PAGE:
“The Lookout” begins with an exciting nocturnal scene, in which four youngsters are speeding their ocnvertible, chatting, making out, and even gazing at the stars-anything but concentrate on the drive and the road. They get into a near-fatal accident, in which two of the passengers are killed, and the other two severely injured. Details about the accident are delaued; they're shrewdly disclosed in the last reel, which recreates the traumatic event and its aftermath.

Cut to four years later and Chris Pratt (Gordon-Levitt), the driver of the car who in the wake of the accident suffers from a leaky memory and an unreliable sense of self. It's a tribute to Frank as a writer and director that the loss of memory and its implications on Chris's day-to-day operations are not used in a gimmicky way the way they were in Chris Nolan's “Memento,” a noir film that I admire for many other reasons.

Gradually, through brief yet resonant brushstrokes we learn who Chris isand was. Chris works now as a night janitor in a bank, but he wants to become a teller, an ambition that's initially dismissed by his boss.

Once upon a time, Chris was a Golden boy, an all-American athletic hero in his small Midwestern town (the film is set in Kansas but could take place anywhere). Back then, Chris had it all. A descendant of a rich, educated family, he was dating a beautiful girlfriend, Kelly, and had a shining future ahead of him.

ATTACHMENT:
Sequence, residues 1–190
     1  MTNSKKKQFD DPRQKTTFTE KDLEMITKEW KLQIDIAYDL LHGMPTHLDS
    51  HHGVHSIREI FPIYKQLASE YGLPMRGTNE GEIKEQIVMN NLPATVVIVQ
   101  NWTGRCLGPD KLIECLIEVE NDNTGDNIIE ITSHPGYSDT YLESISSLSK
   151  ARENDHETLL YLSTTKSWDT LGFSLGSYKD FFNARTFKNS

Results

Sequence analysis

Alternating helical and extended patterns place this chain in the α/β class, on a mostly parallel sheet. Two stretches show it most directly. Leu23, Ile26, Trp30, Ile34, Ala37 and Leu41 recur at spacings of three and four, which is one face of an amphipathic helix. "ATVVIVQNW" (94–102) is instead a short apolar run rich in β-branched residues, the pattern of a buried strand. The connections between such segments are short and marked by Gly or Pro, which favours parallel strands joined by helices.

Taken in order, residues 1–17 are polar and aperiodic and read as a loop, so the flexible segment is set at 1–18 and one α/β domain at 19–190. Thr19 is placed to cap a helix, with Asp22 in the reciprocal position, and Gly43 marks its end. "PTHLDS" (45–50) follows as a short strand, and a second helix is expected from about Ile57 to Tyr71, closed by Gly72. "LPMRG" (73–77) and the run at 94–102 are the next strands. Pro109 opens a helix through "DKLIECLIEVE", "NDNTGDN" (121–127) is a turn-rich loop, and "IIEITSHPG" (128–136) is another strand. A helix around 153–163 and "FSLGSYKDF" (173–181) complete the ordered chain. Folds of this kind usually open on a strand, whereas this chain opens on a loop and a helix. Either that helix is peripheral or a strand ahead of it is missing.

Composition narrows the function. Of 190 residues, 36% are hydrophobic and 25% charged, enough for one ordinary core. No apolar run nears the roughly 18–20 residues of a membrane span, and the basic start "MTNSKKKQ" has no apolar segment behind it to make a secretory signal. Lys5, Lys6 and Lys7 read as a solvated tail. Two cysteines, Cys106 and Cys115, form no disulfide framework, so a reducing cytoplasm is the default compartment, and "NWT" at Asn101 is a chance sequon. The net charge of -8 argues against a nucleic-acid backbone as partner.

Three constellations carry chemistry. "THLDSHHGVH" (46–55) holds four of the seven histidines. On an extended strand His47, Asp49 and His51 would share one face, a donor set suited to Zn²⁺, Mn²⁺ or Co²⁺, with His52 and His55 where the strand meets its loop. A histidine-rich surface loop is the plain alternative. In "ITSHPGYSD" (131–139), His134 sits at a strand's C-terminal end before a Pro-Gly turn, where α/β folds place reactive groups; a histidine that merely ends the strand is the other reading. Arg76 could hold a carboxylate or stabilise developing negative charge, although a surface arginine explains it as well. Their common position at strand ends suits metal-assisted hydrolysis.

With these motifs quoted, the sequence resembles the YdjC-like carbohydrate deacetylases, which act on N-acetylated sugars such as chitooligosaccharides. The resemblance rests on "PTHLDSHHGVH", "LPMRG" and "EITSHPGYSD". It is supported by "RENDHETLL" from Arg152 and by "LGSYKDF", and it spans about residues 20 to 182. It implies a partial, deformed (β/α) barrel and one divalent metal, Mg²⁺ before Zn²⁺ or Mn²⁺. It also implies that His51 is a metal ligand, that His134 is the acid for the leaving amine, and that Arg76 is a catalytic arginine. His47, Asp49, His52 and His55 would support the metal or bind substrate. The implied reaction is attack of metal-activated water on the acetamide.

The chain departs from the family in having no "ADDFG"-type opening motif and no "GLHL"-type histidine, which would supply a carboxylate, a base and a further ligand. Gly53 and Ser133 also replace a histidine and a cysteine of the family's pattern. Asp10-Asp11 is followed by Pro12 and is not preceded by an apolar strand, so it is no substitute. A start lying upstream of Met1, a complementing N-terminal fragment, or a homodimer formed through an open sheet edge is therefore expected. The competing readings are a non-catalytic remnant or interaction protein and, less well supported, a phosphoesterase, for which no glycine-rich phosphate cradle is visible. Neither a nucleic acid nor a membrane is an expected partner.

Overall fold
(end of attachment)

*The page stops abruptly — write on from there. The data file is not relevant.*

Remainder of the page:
A classic, near-angelic American hero who has fallen from grace, Chris has almost (but not quite) accepted his new existence, one based on taking notes for each and every chore he has to perform. In his narration, Chris says: “I woke up. I took a shower. I shaved. I took my meds,” and so on, all of which are written down in a pocket notebook that functions as a survival tool, and then some.

Chris exists in a strange, lamost surreal world, where the most basic things seem to fall through holes in his memory and nothing quite makes sense. Unable to make it on his own, he lives with his mentor, Lewis (Jeff Daniels), a wisecracking, fiercely independent blind man who refuses to feel sorry for himselfand for Chris.

Things suddenly shift, when Chris meets in a local bar Gary Spargo (British actor Matthew Goode, last seen in Woody Allen's “Match Point” as a rich boy), an old school acquaintance of Chris's older sister; they dated for a while.

Like Lewis, Gary is sort of a street philosopher, trying to look beyond the mundane life; it's the only thing the two men share in common. Gary begins to revive Chris' shattered confidence by inviting him to his wild parties, even helping him find a girlfriend, a stripper named Luvlee Lemons (Isla Fisher of “Wedding Crashers” fame). There is a wonderful scene, when Chris comes home one night and Lewis realizes immediately that he got laid, just by smelling a woman's perfume on Chris's face.